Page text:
Purpose: This study was designed to examine whether preretirement intervention, through preparation programs conducted by social workers, enhances retirees’ healthy retirement transition, self-mastery, and well-being outcomes. Methods: Data were gathered at preprogram, postprogram, and at 6-month follow-up. A total of 84 participants filled out pre- and postprogram questionnaires, of which 66 also completed follow-up assessment. Participants were 1–3 months before retirement at preassessment and 4–8 months after retirement at follow-up. Results: The preretirement program improved participants’ appraisal of retirement and created lower and more realistic expectations of postretirement work prospects. While these variables changed in the expected direction between pre- and postprogram assessment, participants’ scores at follow-up indicated less self-mastery, greater depressed affect, and less positive feelings regarding retirement. Discussion: The short-term value of retirement programs was supported and revealed the importance of follow-up programs to maintain short-term gains and to address additional long-term developments.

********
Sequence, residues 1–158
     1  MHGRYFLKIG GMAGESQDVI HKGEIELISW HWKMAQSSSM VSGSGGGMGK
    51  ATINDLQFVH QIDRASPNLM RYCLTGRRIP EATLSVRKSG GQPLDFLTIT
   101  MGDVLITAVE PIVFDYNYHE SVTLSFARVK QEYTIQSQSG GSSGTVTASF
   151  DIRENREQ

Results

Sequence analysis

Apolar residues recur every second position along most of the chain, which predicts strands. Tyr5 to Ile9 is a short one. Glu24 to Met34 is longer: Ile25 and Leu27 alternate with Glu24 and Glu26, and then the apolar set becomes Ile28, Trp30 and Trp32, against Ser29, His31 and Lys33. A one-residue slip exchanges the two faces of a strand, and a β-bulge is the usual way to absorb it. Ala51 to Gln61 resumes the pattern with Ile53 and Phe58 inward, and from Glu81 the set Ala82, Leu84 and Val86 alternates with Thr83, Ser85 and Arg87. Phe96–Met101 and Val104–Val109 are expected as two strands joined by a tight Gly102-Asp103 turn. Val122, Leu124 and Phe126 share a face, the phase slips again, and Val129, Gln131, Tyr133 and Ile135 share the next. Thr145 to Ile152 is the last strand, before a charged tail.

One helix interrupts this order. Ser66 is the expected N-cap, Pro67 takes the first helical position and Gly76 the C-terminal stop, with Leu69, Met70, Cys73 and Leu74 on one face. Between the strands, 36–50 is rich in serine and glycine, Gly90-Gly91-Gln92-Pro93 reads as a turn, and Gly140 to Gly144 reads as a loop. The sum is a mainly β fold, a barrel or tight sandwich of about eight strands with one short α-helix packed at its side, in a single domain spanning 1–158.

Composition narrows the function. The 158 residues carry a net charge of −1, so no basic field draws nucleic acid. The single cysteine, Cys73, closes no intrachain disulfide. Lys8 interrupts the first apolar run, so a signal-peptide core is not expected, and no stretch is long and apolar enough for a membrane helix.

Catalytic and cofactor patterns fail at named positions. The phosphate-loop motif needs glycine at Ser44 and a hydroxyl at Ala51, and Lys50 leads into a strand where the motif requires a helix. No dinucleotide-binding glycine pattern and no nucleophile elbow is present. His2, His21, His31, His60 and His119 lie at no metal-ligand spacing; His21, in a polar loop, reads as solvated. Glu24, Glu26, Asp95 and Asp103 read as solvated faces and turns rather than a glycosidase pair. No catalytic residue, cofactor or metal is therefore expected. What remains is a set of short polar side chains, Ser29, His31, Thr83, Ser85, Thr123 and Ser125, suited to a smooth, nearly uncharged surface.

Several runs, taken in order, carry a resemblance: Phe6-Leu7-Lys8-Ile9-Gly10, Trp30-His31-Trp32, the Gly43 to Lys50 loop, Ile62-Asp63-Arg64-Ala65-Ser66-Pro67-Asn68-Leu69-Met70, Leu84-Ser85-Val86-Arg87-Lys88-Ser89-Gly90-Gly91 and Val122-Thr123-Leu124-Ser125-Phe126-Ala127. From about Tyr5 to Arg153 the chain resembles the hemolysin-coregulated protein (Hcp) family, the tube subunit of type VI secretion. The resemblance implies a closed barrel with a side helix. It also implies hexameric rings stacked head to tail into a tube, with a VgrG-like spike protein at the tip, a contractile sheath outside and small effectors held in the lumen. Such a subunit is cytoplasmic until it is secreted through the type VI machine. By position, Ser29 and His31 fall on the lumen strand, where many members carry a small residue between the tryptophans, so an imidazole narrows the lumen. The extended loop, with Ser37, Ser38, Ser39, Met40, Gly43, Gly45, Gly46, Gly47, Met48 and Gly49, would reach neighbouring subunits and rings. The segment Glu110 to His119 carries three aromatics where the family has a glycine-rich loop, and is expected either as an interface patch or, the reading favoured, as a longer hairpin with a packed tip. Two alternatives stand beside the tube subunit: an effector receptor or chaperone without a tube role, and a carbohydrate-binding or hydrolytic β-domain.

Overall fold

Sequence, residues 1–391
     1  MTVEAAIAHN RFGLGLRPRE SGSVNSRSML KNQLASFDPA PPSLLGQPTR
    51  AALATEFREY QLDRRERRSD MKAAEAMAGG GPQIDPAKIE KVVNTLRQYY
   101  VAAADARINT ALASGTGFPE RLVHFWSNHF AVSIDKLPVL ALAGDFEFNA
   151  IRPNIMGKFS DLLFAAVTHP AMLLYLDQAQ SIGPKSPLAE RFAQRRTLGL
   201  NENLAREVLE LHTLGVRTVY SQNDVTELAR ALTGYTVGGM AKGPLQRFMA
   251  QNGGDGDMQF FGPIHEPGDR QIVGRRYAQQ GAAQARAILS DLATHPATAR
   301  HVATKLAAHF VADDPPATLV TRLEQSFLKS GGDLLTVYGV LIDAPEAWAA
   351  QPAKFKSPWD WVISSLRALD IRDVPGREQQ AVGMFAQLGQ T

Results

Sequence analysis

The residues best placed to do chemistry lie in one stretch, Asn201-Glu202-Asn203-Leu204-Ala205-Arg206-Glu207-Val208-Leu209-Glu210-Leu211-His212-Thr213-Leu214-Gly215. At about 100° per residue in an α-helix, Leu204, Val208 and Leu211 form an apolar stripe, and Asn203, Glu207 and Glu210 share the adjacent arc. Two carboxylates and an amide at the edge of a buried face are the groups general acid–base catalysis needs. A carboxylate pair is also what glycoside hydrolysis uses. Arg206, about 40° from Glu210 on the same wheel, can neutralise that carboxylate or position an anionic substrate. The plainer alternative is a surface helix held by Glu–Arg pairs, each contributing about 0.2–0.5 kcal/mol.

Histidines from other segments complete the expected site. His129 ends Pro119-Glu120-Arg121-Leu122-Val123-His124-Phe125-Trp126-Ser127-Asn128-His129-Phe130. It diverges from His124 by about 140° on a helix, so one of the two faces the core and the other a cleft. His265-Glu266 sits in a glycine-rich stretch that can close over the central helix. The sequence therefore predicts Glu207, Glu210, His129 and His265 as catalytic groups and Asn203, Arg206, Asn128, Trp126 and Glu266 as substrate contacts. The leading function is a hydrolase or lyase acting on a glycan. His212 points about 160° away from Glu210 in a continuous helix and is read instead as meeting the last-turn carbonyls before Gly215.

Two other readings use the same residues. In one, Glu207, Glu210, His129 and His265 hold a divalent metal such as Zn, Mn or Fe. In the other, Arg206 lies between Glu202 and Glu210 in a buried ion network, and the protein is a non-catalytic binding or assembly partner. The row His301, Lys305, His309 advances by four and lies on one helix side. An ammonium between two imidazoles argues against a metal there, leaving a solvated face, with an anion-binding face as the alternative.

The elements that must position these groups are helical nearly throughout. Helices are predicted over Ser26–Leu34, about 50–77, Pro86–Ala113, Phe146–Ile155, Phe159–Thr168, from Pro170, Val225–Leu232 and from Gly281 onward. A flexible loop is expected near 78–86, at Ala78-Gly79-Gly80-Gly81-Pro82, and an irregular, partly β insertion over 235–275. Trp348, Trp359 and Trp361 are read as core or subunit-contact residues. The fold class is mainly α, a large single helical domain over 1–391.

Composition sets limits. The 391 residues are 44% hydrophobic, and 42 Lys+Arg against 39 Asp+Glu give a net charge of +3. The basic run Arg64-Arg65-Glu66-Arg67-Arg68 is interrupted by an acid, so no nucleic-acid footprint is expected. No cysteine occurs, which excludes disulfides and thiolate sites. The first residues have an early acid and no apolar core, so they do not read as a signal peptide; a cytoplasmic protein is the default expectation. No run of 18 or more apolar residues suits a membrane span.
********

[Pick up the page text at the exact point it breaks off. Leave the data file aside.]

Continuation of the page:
- follow-up outcome
- postprogram outcome
- retirement preparation program